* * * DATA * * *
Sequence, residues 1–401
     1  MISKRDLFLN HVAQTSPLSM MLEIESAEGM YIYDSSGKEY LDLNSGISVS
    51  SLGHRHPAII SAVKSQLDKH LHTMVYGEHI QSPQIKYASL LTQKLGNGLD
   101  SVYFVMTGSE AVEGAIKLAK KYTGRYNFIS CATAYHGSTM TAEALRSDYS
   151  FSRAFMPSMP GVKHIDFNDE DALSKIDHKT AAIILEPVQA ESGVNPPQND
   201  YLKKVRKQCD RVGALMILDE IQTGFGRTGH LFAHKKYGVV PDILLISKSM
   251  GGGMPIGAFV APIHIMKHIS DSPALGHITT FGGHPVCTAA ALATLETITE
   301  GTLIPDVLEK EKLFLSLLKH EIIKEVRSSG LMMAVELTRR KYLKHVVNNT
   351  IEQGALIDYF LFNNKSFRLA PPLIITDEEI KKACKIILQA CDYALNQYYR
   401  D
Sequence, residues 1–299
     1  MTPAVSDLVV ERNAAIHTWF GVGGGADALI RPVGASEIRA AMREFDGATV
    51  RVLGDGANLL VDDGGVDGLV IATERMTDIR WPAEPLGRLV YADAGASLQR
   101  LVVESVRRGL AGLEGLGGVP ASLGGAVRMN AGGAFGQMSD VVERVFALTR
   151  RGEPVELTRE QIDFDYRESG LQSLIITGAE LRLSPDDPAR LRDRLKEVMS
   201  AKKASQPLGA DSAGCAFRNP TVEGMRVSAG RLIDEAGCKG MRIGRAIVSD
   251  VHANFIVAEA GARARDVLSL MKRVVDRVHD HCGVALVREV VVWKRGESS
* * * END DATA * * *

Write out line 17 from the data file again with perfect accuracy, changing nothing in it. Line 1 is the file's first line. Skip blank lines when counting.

   251  VHANFIVAEA GARARDVLSL MKRVVDRVHD HCGVALVREV VVWKRGESS